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Finishing the job

NL Council approves Shive-Hattery contract to finish Ranshaw House restoration
The historic Ranshaw House, located along Community Drive just north of the recreation center, has stood in North Liberty since 1908. When built, it was a showcase of the latest technology fused with ornamental esthetics. Restoration of the house began several years ago and will be completed as the North Liberty City Council approved a contract with Shive-Hattery for design, bidding and construction services. (photo by Chris Umscheid)

NORTH LIBERTY– “We’re at a point where we need to get it finished up and usable,” North Liberty City Administrator Ryan Heiar told city council members about the historic Ranshaw House.
Heiar introduced a proposal from Shive-Hattery to finish the rehabilitation of the house during a Tuesday, May 26, council meeting.
Resolution No. 2020-48, which passed on a 5-0 vote, authorized Shive-Hattery to proceed with design, bidding and construction services at a lump sum fee of $48,000 for Phase 2 of the Ranshaw House Restoration. In a memo to the council, Heiar included a detailed proposal from Shive-Hattery, including interior, exterior, electrical and site work (including paving a small parking lot). Once completed, the renovations make the house usable for a variety of events, meetings and social services programming.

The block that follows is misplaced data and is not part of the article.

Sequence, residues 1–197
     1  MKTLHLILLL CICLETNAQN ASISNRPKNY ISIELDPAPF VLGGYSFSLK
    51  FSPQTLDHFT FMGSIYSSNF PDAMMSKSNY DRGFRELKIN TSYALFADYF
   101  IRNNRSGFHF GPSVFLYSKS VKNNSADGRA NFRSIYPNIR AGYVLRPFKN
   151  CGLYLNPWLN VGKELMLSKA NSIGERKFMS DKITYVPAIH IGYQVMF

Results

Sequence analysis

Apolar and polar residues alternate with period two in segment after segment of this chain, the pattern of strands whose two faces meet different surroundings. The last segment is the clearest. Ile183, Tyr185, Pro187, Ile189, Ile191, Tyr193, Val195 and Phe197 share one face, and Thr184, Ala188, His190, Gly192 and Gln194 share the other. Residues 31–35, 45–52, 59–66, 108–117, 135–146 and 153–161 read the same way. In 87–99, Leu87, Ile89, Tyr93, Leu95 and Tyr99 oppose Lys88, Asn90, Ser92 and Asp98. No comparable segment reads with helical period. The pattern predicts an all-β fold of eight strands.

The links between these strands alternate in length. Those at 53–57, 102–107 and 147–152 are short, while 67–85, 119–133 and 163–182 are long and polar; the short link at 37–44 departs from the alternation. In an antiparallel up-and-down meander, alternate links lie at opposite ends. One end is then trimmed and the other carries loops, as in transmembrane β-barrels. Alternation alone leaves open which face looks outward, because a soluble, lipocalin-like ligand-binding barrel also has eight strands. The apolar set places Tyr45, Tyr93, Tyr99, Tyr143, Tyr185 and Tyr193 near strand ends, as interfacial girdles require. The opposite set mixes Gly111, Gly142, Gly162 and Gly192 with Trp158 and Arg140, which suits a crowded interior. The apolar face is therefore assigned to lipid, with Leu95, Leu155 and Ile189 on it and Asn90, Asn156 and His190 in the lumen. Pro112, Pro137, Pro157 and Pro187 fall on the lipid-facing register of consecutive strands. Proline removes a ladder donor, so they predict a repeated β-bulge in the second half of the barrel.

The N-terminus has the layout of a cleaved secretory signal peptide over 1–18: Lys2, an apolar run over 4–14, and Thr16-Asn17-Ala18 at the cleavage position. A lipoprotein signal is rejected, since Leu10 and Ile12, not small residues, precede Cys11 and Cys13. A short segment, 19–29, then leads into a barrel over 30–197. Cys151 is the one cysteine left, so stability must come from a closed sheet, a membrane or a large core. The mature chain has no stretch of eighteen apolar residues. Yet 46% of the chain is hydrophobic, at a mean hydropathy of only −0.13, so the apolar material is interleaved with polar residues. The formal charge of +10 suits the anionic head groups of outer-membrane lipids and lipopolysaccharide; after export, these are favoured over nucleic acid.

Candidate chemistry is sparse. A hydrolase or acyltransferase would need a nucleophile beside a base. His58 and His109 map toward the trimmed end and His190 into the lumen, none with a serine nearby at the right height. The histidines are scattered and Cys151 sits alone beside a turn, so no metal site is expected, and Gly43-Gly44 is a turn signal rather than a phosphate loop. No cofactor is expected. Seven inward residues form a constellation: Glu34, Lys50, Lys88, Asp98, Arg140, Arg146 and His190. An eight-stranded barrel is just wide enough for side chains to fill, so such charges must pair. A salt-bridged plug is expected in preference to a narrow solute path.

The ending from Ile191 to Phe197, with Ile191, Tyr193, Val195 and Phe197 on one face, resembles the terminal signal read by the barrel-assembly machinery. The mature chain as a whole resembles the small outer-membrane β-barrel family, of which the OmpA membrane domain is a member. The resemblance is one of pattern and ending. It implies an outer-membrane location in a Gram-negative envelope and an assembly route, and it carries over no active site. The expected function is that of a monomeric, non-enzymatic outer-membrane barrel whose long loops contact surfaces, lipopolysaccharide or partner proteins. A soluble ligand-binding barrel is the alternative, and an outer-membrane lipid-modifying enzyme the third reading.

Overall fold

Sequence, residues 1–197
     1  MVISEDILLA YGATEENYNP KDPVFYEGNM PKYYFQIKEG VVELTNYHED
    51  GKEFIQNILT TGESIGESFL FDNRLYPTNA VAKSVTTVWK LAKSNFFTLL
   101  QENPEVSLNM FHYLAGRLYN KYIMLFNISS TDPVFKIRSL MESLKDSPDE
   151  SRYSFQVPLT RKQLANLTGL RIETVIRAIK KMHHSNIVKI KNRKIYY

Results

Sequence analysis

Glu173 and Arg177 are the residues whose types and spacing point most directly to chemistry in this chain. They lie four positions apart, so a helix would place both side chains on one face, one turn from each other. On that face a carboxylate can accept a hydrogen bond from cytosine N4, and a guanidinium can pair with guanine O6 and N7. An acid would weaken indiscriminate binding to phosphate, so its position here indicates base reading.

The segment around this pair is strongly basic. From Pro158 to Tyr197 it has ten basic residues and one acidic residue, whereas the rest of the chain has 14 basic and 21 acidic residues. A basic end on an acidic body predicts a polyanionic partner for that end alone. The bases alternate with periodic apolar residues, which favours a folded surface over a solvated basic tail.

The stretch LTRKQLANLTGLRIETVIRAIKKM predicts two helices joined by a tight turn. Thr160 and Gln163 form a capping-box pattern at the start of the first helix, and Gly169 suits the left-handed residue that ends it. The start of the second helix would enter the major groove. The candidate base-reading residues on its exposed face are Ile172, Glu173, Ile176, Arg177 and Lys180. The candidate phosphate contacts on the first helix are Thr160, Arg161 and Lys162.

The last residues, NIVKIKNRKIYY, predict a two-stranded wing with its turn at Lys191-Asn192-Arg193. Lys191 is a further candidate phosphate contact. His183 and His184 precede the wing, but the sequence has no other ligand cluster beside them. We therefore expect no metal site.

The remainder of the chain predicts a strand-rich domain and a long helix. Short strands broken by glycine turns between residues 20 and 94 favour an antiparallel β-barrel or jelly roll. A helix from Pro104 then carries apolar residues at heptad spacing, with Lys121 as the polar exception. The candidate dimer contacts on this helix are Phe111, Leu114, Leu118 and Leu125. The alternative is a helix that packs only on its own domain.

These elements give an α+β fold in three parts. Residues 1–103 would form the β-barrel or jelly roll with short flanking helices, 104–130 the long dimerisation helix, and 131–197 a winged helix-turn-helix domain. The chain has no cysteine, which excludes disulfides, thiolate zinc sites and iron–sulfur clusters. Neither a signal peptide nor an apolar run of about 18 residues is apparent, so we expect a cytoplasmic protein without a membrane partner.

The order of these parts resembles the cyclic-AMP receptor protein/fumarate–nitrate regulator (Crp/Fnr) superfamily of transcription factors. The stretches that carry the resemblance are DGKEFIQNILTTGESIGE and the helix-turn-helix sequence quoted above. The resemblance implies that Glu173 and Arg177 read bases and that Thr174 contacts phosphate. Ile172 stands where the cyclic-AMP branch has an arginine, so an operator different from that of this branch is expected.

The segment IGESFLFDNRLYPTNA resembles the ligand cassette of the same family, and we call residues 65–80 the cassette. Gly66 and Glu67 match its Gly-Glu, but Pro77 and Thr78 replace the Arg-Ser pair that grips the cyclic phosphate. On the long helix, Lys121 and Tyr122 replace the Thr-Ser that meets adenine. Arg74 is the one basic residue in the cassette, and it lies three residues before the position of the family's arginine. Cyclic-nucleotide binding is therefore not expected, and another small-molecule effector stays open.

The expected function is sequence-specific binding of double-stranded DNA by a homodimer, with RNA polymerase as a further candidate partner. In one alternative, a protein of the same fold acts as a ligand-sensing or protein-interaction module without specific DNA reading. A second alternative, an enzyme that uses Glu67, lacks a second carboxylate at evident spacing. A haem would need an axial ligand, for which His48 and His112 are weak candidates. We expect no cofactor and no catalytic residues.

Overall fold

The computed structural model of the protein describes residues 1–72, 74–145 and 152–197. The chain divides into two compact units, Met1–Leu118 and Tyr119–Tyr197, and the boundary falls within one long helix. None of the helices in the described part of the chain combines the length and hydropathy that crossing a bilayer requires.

The city purchased the house, built in 1908, in 2004, initially planning to demolish it in order to expand parking for the recreation center.
“Residents convinced the city to save it and, since that time, we’ve been incrementally investing money into the facility to try and rehab it,” he said. “It seems to be a win-win saving a facility, but also making it usable.”
Heiar pointed out the city has $160,000 set aside currently, but would need to find additional surplus funds or borrow money to the tune of $220,000 (approximately) to meet the $400,000 estimated project cost.
Iowa City builder-architect Bernard Alfred Wickham constructed the home in a late Queen Anne Victorian style with Colonial Revival details, and included the latest (for the time) features including plumbing for hot and cold water pumped by a gasoline engine, gasoline-powered electric lighting, a furnace, and even a dumbwaiter. In addition, Wickham incorporated custom woodwork and ornamental glass making the house a standout showplace. It originally sat on a 10-acre farmstead on the outskirts of town.
The Ranshaw House was accepted into the National Register of Historic Places in 2012.